Last Sunday I drove my son down to the Portland, ME airport so that he could get back to his life in San Francisco. After I saw him, I went over to the Maine Mall where I planned to use my debit card to withdraw some money, get a dinner, and stop at the Apple Computer store to see what new stuff came out while I was gone. (Speaking of Apple, one of the few objects that did not tear, break, or fry on the hike was my iPod Touch.) I was not able to get my pin number right, so eventually the ATM rendered my card void. I had no phone, no money, and it was getting dark. Somehow I also activated the anti-theft alarm on my 1999 Jetta diesel, which has never happened before. I was not only unable to start the car, but when I did try and turn the key in the ignition, the very loud loud alarm activated and the lights blinked on and off. Luckily I went on the internet with my Touch and MiFi and was able to locate a key turn code that disabled the alarm.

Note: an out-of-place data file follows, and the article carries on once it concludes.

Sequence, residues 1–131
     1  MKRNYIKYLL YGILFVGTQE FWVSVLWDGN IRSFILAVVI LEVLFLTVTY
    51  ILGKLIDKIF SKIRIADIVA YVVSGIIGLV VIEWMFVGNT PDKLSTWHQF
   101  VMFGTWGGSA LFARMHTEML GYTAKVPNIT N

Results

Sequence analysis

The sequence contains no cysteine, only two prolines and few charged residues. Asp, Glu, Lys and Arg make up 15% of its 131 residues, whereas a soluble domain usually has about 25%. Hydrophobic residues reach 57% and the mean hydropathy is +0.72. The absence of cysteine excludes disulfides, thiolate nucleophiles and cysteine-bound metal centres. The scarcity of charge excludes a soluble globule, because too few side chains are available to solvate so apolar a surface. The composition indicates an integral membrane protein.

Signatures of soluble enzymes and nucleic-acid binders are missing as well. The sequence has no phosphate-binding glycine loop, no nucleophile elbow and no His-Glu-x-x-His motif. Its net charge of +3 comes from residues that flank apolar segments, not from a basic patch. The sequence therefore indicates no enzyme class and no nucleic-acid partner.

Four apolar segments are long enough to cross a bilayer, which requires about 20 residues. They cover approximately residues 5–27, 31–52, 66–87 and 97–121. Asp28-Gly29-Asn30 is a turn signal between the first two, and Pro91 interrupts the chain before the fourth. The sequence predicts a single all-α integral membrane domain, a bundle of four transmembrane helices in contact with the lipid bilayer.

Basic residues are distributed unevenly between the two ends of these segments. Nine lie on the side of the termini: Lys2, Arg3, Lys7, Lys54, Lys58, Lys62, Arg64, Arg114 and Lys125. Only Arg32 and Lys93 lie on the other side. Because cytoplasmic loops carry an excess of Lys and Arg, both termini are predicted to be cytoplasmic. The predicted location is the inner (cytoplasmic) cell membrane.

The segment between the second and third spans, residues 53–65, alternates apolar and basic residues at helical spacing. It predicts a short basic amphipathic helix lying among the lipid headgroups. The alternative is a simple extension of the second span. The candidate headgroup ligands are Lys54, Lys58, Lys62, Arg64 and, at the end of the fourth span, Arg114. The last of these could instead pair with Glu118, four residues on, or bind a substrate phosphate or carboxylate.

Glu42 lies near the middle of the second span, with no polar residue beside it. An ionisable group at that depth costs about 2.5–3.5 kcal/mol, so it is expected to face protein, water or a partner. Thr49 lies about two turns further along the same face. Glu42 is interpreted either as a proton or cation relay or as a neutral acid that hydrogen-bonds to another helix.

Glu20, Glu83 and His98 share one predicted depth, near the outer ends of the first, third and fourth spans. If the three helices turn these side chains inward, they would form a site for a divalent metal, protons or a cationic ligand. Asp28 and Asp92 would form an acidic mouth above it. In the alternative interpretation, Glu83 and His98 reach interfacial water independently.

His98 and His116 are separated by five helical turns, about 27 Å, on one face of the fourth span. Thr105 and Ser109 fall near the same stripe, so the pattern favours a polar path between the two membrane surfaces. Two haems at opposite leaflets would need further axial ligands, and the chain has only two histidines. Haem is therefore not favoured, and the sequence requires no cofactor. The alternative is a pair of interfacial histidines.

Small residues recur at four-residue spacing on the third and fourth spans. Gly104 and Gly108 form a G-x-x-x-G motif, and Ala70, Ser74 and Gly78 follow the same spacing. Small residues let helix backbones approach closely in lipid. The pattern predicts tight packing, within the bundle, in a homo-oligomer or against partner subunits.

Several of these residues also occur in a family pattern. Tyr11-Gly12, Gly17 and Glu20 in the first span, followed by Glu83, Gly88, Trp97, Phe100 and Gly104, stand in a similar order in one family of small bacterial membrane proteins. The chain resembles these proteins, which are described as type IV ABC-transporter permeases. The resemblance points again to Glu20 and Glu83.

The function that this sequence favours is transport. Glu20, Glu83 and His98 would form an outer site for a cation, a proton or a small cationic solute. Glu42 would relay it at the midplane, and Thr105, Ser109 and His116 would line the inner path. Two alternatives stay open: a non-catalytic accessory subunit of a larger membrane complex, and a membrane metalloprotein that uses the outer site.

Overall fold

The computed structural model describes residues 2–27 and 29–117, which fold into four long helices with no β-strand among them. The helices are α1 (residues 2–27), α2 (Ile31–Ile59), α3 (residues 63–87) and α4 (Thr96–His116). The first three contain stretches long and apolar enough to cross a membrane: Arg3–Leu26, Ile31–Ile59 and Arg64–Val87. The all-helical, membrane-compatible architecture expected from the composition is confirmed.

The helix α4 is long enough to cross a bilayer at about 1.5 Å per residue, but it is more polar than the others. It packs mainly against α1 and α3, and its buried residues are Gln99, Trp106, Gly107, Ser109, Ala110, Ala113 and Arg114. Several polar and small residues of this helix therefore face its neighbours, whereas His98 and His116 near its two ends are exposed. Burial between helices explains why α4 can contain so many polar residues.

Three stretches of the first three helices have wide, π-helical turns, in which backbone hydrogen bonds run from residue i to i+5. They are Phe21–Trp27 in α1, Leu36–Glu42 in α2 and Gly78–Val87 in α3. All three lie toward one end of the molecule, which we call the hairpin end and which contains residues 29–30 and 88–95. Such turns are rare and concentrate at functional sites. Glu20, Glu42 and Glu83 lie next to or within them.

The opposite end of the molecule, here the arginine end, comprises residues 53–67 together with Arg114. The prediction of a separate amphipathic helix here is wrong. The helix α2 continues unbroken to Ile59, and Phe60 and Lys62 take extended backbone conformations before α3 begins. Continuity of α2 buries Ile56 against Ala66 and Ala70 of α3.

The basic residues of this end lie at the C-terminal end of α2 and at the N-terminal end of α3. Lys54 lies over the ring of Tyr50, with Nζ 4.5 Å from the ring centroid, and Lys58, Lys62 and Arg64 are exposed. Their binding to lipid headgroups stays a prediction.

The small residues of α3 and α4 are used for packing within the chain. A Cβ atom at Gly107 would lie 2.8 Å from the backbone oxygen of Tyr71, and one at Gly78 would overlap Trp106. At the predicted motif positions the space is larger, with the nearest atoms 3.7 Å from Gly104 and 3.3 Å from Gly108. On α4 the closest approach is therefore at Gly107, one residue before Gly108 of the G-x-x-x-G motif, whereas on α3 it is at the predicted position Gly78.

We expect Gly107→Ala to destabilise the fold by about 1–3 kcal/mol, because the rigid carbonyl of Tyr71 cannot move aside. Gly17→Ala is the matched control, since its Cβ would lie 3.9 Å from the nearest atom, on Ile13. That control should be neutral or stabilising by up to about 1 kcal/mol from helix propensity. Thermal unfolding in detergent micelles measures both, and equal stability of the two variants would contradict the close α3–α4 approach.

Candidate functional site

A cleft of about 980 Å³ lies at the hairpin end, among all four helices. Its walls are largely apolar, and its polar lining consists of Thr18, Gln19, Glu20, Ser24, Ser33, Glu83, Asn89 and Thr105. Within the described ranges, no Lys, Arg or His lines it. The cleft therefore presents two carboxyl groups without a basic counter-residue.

Yesterday, more snafus. At the counter at the Hope General Store I knocked my large coffee over spilling the contents into an open drawer in back of the cash register. Later at lunchtime, the person in line in back of me at the Brown Bag pointed out to me that I dropped a wad of cash on the floor. I appear to be sorely lacking several skills that must be re-activated if I am to be a functioning member of society.
On the other hand, I love the unstructured time, which has been mostly devoted to fixing things that have broken while I was gone, like the garage door opener, the DVD player, the trailer I use to haul things in, my bicycle, a broken window, and several pieces of gear. There is a crate full of mail that has to be dealt with. I dig vacuuming, and plan to wash some floors this afternoon.